Beginning July 2016, the Liberal government combined the Canada Child Tax Benefit, National Child Benefit Supplement and the Universal Child Care Benefit into the Canada Child Benefit.
Under the new Canada Child Benefit, families with children under the age of 18 will be eligible for a maximum annual benefit of $6,400 ($533 per month) per child under the age of 6 and $5,400 ($450 per month) per child aged 6 to 17. Families with a disabled child will receive a further benefit of $2,730 per disabled child. The benefit is gradually reduced until it reaches zero as your family net income increases beyond $30,000. The monthly payment is tax-free.
If you received the Canada Child Tax Benefit or the Universal Child Care Benefit you do not need to apply to receive the Canada Child Benefit. However, you and your spouse/common law partner must file an income tax return every year to continue receiving the Canada Child Benefit.
If you were receiving direct deposit payments for the Universal Child Care Benefit, you will continue to receive direct deposits payments for the Child Care Benefit.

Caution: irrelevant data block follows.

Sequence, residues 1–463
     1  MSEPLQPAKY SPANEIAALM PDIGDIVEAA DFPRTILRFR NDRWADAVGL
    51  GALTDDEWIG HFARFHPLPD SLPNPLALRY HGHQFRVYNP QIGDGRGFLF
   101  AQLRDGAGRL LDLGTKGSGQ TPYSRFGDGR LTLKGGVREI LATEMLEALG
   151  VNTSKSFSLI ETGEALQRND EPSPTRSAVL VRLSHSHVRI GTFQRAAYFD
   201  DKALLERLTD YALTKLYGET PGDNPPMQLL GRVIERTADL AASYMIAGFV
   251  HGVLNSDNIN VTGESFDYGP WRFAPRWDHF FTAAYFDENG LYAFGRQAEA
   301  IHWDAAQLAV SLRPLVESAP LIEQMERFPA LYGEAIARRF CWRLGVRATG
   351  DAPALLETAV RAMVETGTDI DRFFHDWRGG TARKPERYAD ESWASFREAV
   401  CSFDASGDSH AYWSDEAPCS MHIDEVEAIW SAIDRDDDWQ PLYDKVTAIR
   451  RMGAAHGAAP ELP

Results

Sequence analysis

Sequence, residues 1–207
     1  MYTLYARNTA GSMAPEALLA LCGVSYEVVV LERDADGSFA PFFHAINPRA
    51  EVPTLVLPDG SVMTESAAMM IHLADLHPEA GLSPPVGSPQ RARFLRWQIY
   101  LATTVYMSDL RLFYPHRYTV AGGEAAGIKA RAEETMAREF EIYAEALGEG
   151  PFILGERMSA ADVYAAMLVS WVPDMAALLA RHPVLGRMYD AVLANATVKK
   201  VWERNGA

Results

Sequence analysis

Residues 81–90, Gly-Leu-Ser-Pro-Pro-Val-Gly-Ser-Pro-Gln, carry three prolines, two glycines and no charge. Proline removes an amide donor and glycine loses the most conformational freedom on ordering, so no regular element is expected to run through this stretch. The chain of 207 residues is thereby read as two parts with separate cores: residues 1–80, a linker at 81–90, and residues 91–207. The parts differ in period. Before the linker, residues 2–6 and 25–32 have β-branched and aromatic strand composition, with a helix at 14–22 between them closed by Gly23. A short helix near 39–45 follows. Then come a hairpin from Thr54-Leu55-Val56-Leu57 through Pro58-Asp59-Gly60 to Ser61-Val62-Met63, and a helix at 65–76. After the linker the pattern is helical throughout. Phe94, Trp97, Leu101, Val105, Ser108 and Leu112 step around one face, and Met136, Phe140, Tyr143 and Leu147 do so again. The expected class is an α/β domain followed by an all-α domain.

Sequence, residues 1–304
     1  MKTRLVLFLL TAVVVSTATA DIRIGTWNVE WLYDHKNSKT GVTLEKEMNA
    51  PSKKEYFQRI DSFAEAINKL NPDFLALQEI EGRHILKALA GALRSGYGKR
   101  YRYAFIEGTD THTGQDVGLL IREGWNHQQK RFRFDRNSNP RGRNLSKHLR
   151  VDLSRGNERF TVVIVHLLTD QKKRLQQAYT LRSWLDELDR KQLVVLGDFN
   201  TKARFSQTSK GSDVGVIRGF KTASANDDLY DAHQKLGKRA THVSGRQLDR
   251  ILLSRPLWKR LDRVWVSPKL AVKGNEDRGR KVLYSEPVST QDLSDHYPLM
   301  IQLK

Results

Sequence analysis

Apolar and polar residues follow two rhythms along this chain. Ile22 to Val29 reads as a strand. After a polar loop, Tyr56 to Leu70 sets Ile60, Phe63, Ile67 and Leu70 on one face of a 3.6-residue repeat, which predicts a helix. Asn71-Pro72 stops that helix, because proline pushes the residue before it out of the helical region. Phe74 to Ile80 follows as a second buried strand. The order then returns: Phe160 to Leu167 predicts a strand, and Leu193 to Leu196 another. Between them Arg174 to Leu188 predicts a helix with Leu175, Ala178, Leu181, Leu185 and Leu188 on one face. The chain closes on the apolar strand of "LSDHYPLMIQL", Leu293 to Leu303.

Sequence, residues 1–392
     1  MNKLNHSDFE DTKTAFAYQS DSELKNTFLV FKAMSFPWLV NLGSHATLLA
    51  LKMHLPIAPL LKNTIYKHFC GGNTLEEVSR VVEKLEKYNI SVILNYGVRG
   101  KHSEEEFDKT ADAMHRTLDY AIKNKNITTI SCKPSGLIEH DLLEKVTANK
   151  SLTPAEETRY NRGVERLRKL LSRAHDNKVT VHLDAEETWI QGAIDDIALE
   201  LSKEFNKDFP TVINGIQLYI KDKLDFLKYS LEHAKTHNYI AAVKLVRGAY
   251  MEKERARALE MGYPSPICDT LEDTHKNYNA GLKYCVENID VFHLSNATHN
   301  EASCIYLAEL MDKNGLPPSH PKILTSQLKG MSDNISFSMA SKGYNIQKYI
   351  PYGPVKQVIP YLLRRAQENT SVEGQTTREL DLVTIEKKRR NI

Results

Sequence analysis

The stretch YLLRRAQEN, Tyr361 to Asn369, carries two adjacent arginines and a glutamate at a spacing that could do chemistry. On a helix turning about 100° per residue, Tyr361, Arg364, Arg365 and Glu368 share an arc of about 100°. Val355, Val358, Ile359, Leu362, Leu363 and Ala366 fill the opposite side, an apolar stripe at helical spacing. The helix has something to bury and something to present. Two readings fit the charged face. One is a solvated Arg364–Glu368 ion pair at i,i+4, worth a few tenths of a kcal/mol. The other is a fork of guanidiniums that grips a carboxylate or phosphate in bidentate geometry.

If you would like to get an estimate of what your Canada Child Benefit payment would be, click here.
To apply for the Canada Child Benefit, complete the Canada Child Benefit Application (RC66) form.
The benefit is gradually reduced until it reaches zero as your family net income increases beyond $30,000.
How can I make the most of it?
The key to maximizing the CCB lies in minimizing a household’s net income. Any deductions that lower your net income (the amount on line 236 of your federal tax return) will result in higher monthly benefit payments.
For example, people who don’t contribute the maximum to their registered retirement savings plans (RRSPs) miss out on more tax-free CCB income.
Claiming costs like child care, moving expenses or union dues lowers the taxable net income amount as well. Keep those receipts.
If you would like more information or have any questions, feel free to contact us at 780.466.6204, or click here to send us an email.
Thanks to Johnny Kwong of KWB Chartered Accountants for providing this content.